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Supplier Declaration Explained

Lilla Zsitnyanszky

4. August 2023

German Version

What is a Supplier Declaration?



Supplier declarations are primarily used for movements of goods within the EU (i.e., from EU-based suppliers to EU-based recipients). They serve as a simplified proof of origin (=information about the preferential origin of delivered goods).

A supplier declaration is a document created by manufacturers or intermediaries within the EU to indicate the origin of their products. This is crucial, for instance, when utilizing preferences. The supplier is solely responsible for issuing the declaration, and customs authorities are not involved. Prior to issuing a supplier declaration, extensive checks and documentation must be conducted to ensure all prerequisites are met. Customs authorities can request the documentation supporting the supplier declaration.



Single Supplier Declarations and Long-Term Supplier Declarations 



  1. Single Supplier Declarations - a supplier declaration can pertain to a single delivery, referred to as a single declaration. This is sensible when the recipient is not regularly supplied with the goods or when the goods are specifically manufactured for an individual order. Regular supply is unlikely or impossible.



  1. Long-term Supplier Declarations are declarations provided once and remain valid for deliveries over an extended period (up to 24 months), as long as the delivered goods are expected to have the same origin.



A Long-term Supplier Declaration must include the following information:



  • The declaration issuance date (date of issuance)

  • The date from which the LSD is valid (start date)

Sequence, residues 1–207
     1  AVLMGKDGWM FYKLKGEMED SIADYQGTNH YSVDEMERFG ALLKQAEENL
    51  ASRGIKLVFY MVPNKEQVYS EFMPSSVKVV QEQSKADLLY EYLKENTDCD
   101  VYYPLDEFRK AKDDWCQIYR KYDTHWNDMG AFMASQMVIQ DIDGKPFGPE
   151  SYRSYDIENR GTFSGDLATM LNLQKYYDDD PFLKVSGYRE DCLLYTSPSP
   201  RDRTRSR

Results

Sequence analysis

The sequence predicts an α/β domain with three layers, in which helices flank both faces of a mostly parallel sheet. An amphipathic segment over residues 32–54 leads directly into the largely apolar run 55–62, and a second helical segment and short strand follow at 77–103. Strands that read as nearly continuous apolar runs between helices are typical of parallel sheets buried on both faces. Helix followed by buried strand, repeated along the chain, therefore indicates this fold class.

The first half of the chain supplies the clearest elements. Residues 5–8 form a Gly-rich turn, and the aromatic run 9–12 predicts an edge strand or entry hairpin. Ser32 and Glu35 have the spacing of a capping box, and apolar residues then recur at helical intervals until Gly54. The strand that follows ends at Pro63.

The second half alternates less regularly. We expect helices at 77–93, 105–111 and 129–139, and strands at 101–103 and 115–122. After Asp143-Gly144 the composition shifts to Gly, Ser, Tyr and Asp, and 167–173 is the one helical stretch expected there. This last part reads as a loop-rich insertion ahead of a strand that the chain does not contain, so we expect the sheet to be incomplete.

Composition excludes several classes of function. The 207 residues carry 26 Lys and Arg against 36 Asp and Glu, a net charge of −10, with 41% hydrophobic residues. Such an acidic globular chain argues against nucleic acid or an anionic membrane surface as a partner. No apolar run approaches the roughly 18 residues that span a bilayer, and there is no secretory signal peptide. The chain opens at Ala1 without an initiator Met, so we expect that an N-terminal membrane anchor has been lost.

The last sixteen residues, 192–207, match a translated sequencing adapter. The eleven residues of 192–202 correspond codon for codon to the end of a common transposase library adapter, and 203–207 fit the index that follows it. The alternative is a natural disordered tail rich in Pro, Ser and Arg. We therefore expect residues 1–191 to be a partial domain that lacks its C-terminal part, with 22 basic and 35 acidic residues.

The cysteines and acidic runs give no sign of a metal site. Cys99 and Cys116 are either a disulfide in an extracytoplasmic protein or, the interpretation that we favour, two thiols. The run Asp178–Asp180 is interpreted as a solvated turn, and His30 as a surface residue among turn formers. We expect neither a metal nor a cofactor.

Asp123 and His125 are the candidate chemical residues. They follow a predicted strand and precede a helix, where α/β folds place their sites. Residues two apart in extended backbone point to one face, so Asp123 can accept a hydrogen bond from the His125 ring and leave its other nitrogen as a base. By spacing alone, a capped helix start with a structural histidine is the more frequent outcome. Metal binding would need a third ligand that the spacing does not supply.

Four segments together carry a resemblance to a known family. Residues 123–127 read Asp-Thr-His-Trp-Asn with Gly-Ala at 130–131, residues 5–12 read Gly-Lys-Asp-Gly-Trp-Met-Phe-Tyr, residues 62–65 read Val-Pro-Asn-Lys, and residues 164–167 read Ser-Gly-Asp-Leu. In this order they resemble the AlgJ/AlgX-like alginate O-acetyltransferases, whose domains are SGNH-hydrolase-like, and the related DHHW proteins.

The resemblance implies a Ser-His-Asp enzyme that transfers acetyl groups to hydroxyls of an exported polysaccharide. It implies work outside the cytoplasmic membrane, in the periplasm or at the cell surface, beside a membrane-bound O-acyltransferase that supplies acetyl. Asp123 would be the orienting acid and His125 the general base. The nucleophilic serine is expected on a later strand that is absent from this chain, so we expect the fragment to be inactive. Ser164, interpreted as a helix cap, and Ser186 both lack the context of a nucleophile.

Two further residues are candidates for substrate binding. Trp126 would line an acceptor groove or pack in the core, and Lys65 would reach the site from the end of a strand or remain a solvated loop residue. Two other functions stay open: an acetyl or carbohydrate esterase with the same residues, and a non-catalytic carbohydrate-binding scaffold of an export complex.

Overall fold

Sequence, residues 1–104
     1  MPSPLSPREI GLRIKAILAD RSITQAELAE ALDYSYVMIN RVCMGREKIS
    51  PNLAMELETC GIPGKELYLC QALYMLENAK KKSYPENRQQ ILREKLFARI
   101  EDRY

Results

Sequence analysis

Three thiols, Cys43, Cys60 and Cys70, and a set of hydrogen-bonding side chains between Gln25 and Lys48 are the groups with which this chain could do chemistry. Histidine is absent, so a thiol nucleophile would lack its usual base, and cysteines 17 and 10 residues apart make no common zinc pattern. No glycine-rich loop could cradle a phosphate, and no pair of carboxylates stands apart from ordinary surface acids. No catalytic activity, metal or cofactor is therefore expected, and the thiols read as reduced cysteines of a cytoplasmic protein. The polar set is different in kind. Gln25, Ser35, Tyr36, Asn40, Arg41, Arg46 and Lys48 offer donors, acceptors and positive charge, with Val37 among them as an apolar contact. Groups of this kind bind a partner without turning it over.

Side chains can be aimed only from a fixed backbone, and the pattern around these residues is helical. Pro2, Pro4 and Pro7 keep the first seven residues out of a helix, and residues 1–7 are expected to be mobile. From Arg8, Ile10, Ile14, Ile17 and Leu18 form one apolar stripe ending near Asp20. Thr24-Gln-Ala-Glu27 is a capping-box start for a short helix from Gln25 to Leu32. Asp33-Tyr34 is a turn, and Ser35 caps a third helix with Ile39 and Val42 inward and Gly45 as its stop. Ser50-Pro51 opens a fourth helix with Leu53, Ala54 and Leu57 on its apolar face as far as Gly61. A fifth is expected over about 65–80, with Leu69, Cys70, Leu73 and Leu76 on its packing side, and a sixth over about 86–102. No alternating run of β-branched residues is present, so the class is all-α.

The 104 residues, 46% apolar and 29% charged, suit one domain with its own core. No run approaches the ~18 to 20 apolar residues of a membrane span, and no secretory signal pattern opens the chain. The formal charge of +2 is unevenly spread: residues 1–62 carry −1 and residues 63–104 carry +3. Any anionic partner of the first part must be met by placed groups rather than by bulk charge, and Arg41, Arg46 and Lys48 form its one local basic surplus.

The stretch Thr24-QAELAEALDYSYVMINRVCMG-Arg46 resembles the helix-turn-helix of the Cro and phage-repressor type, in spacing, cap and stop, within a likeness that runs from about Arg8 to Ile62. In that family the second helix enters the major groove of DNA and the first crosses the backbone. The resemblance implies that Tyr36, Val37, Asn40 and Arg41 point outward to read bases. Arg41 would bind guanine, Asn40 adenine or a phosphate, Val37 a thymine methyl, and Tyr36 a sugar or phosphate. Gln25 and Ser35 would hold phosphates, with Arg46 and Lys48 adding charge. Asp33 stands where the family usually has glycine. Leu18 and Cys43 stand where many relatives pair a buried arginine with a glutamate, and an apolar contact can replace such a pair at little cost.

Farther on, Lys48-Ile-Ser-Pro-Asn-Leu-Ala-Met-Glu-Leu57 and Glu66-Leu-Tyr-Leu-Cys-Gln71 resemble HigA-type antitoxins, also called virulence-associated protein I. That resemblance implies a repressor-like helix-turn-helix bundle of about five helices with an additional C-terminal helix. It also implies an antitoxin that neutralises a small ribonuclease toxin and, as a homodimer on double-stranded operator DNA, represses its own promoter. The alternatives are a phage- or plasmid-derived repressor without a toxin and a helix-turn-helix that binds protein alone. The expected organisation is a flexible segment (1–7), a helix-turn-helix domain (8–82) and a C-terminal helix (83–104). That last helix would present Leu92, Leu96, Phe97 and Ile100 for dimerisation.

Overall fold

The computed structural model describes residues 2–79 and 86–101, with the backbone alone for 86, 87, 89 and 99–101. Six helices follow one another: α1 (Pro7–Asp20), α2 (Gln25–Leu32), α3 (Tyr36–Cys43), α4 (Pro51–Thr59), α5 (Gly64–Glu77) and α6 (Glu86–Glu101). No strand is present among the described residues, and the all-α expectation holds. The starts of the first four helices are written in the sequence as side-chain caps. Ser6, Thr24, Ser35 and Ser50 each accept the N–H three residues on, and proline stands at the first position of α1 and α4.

• The date until which the LSD is valid (expiry date)



The start date cannot be more than 12 months before or 6 months after the issuance date, yet it can be freely chosen within this timeframe. For deliveries older than 12 months, only a single supplier declaration is suitable. Within the maximum validity period, the specific validity period of an LSD can be indicated as "This declaration applies to all shipments of these goods from … to …."



Supplier Declaration with Preferential Origin



Supplier declarations for goods with preferential origin can only be issued by suppliers within the EU. Exceptions exist for certain cases involving trade with Turkey (shipments between the EU and Turkey are accompanied by Movement Certificate EUR.1). If proving the preferred origin of goods is necessary, such as to deliver Turkish goods duty-free to other countries or to issue a supplier declaration according to the Union Customs Code for EU deliveries, the supplier must complete a specific supplier declaration. These declarations certify that a product meets the requirements of a specific EU preferential arrangement. The recipient requires this declaration to provide further evidence if they intend to resell the sourced goods unchanged or use them as raw materials for a subsequent product. Supplier declarations issued by non-EU suppliers are not recognized within the EU.



In a supplier declaration for goods with preferential origin, the originating country with preferential status must be indicated. Commonly, "European Union" is specified, and occasionally an individual member state like "Germany." Additionally, the declaration must specify the preferential rules (= possible future destination countries) fulfilled by the origin rules.



Supplier Declaration without Preferential Origin



When goods lack preferential origin characteristics, the supplier can provide a declaration about the processing and operations conducted on the goods within the EU that are insufficient to justify origin characteristics. However, such supplier declarations are only issued in specific cases. In a supplier declaration for goods without preferential origin, the preferential rules fulfilled by the origin rules for possible preferential arrangements - i.e., potential future destination countries - must be specified.



Formal Requirements (Wordings of Supplier Declarations)



The wording of supplier declarations is strictly defined but does not necessitate citing specific legal references.

A supplier declaration can be provided on a form (available, for instance, from chambers of commerce) or on the invoice, a related delivery note, or another commercial document. The goods must be precisely identified in a manner that the reference to the goods is unmistakable (referred to as "specificity").

Generally, supplier declarations must be signed in the original. This is not required only when both the declaration and the invoice are created electronically. Here you can find an overview with wordings of supplier declarations (DE, EN, FR versions).



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